The following was originally published on RealClearPolicy.com.
After a year of living with the COVID-19 pandemic, we’re finally seeing signs of hope, as more Americans get vaccinated. While most of us may return to something approaching normal soon, it will take longer for the pandemic-ravaged economy to recover.
Even as countless citizens and businesses are struggling, many state governments are faced with large deficits that hinder their ability to help. As a result, some, such as Massachusetts, are considering raising taxes on high-earners to generate revenue. But in its report, “Connecticut’s Dangerous Game: How the Nation’s Wealthiest State Scared Off Businesses and Worsened Its Financial Crisis,” the Boston-based Pioneer Institute provides a cautionary tale about the dangers of going down the path taken by the Bay State’s neighbor, Connecticut.
Over the last quarter-century, Connecticut has endured a series of budget crises. To cover ballooning costs, the state enacted sharp tax increases, including four income-tax hikes in the last 20 years that raised the top rate by 77 percent.
In recent years, Connecticut has increasingly relied on high-earners and large companies in a desperate effort to stabilize its state budget. In addition to income-tax hikes, the state doubled a surcharge on large firms and established and then increased a tax on luxury goods.
The results have been the opposite of what state policymakers hoped. From 2008 to 2020, Connecticut ranked 49th among the states in private-sector wage growth. In recent years, Connecticut stalwarts General Electric and Alexion Pharmaceuticals moved their headquarters to Massachusetts.
The flight of jobs in turn affects homeowners. Even before COVID-19, property values in Fairfield County, home to a number of toney New York City bedroom communities and one of the wealthiest areas in the country, were 18 percent below their 2006 peak.
After all that economic misery, the tax increases have failed to stabilize Connecticut’s finances. The state continues to project large deficits.
According to 2016 Connecticut Department of Revenue Services data, the state’s wealthiest 3 percent of families account for 41 percent of all income-tax revenue. Between 2012 and 2018, Connecticut lost high-earners at a rate trailing only Washington, D.C. On average, those who fled earned more than taxpayers who migrated into the state.
As a result of the exodus, the amount of taxes paid by Connecticut’s 100 top taxpayers plummeted 45 percent between 2015 and 2016 alone, despite the tax-rate increases.
To understand that Connecticut’s problems aren’t just a result of being an older northeastern state far from booming sun belt states in the South and West, one need only look to neighboring Massachusetts, hardly an anti-tax bastion. The Bay State took a different approach in the wake of its 1990-91 recession. A state income tax that was once 6.25 percent now stands at 5 percent.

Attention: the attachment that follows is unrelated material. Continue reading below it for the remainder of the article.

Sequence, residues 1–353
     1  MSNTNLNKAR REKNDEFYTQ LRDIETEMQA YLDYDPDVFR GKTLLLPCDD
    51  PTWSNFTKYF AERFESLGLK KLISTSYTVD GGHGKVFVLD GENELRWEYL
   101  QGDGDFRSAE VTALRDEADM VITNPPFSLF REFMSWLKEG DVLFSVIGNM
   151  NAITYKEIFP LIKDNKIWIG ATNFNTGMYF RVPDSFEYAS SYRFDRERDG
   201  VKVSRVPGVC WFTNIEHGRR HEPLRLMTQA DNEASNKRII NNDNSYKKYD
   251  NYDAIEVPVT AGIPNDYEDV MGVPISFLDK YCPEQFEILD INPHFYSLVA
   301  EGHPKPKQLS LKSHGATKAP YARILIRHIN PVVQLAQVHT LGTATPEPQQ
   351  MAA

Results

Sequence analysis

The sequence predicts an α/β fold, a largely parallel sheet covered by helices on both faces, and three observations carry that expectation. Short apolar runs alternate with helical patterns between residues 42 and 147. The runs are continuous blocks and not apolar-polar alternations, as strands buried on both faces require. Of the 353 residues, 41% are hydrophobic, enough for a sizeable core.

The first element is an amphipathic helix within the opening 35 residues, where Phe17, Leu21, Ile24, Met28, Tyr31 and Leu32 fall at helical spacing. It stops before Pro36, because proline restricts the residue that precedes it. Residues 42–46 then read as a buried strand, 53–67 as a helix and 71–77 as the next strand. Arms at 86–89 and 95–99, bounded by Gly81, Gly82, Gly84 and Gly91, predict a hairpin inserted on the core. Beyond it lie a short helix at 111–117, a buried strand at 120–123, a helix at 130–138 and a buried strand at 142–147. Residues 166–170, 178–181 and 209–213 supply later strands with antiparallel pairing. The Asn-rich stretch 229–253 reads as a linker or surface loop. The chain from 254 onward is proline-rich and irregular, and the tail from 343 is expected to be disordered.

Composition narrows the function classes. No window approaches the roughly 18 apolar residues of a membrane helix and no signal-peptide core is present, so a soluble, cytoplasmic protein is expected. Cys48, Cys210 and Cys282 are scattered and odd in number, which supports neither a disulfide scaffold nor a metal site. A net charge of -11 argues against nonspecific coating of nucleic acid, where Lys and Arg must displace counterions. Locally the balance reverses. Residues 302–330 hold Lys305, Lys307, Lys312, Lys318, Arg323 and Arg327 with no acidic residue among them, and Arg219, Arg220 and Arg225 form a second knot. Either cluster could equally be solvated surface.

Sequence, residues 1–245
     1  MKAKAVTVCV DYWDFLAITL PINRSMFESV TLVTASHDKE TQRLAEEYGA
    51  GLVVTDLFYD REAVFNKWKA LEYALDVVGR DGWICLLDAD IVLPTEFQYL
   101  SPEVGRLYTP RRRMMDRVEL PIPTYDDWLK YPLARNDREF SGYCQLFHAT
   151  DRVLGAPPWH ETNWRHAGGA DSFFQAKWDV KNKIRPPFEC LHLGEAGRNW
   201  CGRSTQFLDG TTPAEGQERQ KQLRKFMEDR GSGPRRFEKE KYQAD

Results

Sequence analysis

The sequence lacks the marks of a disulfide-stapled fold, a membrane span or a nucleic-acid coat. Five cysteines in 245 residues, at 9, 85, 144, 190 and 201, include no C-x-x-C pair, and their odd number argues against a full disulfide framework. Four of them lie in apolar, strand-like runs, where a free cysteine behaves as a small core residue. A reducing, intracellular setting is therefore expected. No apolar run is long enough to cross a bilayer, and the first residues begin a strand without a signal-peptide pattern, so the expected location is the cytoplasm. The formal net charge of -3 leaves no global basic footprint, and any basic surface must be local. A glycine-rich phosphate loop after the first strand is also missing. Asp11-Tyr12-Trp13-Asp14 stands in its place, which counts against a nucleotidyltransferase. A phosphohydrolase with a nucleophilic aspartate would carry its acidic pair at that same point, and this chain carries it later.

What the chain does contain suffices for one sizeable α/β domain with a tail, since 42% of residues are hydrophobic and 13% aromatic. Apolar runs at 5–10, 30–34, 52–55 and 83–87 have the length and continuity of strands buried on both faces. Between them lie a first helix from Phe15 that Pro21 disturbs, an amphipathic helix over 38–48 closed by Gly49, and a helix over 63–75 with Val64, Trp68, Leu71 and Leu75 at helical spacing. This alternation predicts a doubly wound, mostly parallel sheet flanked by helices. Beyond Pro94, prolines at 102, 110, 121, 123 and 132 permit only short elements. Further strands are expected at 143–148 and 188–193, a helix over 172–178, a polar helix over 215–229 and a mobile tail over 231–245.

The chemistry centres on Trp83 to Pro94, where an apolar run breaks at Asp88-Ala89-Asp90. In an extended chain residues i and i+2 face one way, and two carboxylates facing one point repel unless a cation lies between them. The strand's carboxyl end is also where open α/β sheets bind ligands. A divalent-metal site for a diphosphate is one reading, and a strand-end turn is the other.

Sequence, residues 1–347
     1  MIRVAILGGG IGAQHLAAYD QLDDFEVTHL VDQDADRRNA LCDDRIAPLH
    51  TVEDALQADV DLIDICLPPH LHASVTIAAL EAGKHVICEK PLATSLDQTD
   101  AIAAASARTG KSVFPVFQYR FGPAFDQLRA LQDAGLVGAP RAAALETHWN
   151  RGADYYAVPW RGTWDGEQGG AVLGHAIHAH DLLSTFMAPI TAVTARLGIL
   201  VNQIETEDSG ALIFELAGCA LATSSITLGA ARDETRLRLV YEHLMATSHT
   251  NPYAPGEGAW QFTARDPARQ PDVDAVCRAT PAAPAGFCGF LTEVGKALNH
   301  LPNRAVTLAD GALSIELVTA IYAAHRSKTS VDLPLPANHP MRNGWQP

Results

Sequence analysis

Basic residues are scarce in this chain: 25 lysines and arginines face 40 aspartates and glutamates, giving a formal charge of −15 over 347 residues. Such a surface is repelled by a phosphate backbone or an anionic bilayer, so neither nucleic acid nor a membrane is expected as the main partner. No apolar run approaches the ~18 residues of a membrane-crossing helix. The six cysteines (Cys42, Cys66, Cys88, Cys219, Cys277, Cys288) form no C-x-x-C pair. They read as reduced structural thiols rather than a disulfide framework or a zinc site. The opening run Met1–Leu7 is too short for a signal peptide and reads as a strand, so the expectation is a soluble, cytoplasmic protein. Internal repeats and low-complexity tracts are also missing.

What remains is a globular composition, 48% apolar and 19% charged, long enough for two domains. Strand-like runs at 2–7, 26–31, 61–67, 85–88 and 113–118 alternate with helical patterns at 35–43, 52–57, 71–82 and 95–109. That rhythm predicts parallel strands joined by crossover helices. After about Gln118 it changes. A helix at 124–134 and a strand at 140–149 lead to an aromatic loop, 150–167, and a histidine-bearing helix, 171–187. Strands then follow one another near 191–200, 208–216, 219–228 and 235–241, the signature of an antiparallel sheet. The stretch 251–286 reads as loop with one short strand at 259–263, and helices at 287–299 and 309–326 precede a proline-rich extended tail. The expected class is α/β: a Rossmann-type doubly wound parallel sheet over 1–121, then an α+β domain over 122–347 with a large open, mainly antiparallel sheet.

The results offer a sharp contrast with Connecticut. In recent years, Massachusetts has gained millionaires at a higher rate than the national average and nearly twice the rate of Connecticut. Between January 2008 and January 2020, employment in Massachusetts grew by 12.5 percent. In contrast, Connecticut still hasn’t recovered all the jobs it lost during the Great Recession, and those it has created are lower-paying, on average.
Wealth migration remains a concern in Massachusetts, though, which makes the state’s consideration of a so-called millionaires’ tax foolhardy. Fortunately, that would require an amendment to the state constitution to enact.
It’s no coincidence that Connecticut’s economic woes corresponded with a string of tax hikes on high-earners and businesses. The simple reality is that leaving a state has never been easier. In some cases, high-earners can physically stay put and just move money into trusts located in other states.
Connecticut’s travails in recent years, combined with the unprecedented mobility of wealth, makes it clear that millionaires’ taxes are a 20th-century solution to a 21st-century problem. Embracing them would only prolong states’ long-awaited recovery from the economic effects of COVID-19.
Jim Stergios is executive director and Charles Chieppo is senior fellow at Pioneer Institute, a Boston-based think tank.